38. Habits of the Mind by James Sire
39. Why We’re Not Emergent: From Two Guys That Should Be by Ted Kluck and Kevin Deyoung
40. Baptism and Fullness by John Stott
What books would you add?
Let me first say that science would not exist unless it where for Christianity. In the history of Western Civilization, one has to ask themselves, ‘the Greeks were really really smart, why didn’t they invent the scientific method?’ The answer is simple, following Platonic and Neo-Platonic thinking, they did not think this world was real or intelligible. It was not until Christianity presented a world created, ordered, and directed by a sovereign and benevolent triune God that the scientific method sprouted. The consensus view in the history/philosophy of science is that science required the fertile soul of Christianity in order to grow. Christianity took this world seriously.
1. Darwin’s Black Box by Michael Behe [l, e, p, s]
In my view, this book destroys the Neo-Darwinian (scientific rationalism) story of how life exists. This book is a must read. See also this previous blog post.
2. Pensees by Blaise Pascal [y, l, e, p, s]
Although not explicitly about science and Christianity, Pascal presents an epistemology that includes science, reason, and faith.
3. Personal Knowledge by Michael Polanyi [e, p, s]
Polanyi rightly challenges the objectivity and impersonality of the scientist. Polanyi is very important in philosophy of science and is a worthwhile read.
4. When Science Meets Religion by Ian Barbour [l, e, p, s]
Barbour presents four possible relationships that science and religion might have. Balanced read.
5. The Soul of Science: Christian Faith and Natural Philosophy by Nancy Pearcey and Charles Thaxton [l, e, p, s]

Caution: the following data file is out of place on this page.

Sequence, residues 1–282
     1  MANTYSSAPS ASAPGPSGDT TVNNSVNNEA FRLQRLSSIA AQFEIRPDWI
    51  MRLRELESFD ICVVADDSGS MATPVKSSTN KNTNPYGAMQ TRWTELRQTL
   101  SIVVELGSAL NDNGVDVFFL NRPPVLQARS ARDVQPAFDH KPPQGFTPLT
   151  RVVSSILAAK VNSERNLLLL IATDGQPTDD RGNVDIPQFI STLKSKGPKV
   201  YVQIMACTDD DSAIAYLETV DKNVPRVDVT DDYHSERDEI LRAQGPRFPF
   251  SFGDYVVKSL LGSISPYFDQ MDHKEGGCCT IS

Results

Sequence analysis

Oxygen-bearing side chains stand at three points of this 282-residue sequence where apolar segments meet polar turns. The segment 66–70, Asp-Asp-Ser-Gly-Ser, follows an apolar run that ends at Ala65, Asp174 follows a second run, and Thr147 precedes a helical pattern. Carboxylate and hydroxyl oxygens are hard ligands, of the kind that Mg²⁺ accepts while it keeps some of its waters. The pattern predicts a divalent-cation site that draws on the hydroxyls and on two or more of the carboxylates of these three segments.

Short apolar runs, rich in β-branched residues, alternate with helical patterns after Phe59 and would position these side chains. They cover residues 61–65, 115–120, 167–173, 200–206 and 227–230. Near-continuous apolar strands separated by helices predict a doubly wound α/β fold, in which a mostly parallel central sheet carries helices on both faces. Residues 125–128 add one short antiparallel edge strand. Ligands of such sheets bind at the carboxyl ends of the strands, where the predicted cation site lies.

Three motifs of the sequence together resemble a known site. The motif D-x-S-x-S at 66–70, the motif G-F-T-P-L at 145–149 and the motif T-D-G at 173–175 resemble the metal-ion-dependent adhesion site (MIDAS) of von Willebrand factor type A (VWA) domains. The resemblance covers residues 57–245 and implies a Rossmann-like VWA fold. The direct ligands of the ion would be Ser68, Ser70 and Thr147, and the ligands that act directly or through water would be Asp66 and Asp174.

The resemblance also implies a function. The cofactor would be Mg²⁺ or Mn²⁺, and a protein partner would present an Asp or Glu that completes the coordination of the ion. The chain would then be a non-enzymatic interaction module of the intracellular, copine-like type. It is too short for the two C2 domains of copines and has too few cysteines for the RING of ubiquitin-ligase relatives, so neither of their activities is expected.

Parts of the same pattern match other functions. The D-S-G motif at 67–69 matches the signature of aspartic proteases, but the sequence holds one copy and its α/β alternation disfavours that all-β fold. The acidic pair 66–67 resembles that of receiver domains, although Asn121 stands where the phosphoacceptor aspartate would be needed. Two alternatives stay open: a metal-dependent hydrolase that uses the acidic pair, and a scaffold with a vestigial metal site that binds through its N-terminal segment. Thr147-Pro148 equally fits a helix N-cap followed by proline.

Great critique of naturalism. Pearcey is solid as usual.
6. Darwin on Trial by Phillip Johnson [y, l, e, p, s]
Is there enough hard evidence to prove Darwinism correct, were it to be put on a public trial? Creative and damning question.
7. The Edge of Evolution: The Search for the Limits of Darwinism by Michael Behe [l, e, p, s]
More Behe. Good stuff.
8. Evolution: A Theory in Crisis by Michael Denton [l, e, p, s]
Most think that this is the book that started the Intelligent Design movement.
9. The Reason for God by Tim Keller [c,y l, e, p, s]
Although not explicitly on the subject of science, like Pascal, Keller presents a third way between pure science/reason and pure faith.
10a. The Language of God by Francis Collins [l, e, p, s]
A look at DNA, from the director of the human genome project, and an evangelical Christian.
10b. Inventing the Flat Earth: Columbus and Modern Historian by Jeffrey Russell [l, e, p, s]
Russell confronts the myth that people (esp. Christians) believed in a flat earth. Pretty damning to an annoying and ignorant argument:
On page 1 of Thomas Aquinas’ Summa Theologiae (that is, in the first article of the first question of the first part), he casually mentions the round earth on the way to proving something doctrinal: “the astronomer and the physicist both may prove the same conclusion: that the earth, for instance, is round: the astronomer by means of mathematics (i.e., abstracting from matter), but the physicist by means of matter itself.” (via Between Two Worlds)
Honorable Mention: Icons of Evolution by Jonathan Wells [c, y, l, e, p, s]
I cannot stand behind anything else he has written, but Icons shreds the silly pictures commonly put in the textbooks you had growing up, demonstrating how they do not show Darwinian macroevolution.
(c=children; y=young adult; l=lay leader; e=elder; p=pastor; s=scholar)
I see a place for all the apologetic schools in defense of Christianity. There are some that are firmly entrenched in their particular school or tradition, and for the most part I understand where they are coming from. I happen to think the presuppositionatlists are head and shoulders above the other schools and I happen to agree that their approach is the most Biblical, and therefore the most God glorifying. However, I see a lot of value in the classical and evidentialist schools and I don’t think we should throw the baby out with the bath water. From a personal perspective, intelligent design, the teleological argument, and the ontological argument had a profound impact on my life.
I think the main value of evidences are to bolster pre-existing faith by showing that our faith is not unreasonable, unjustified, or unwarranted. I think the main value of presuppositional apologetics is calling all non-Christian worldviews to task over the fact that they hold mutually exclusive propositions and cannot account for all things.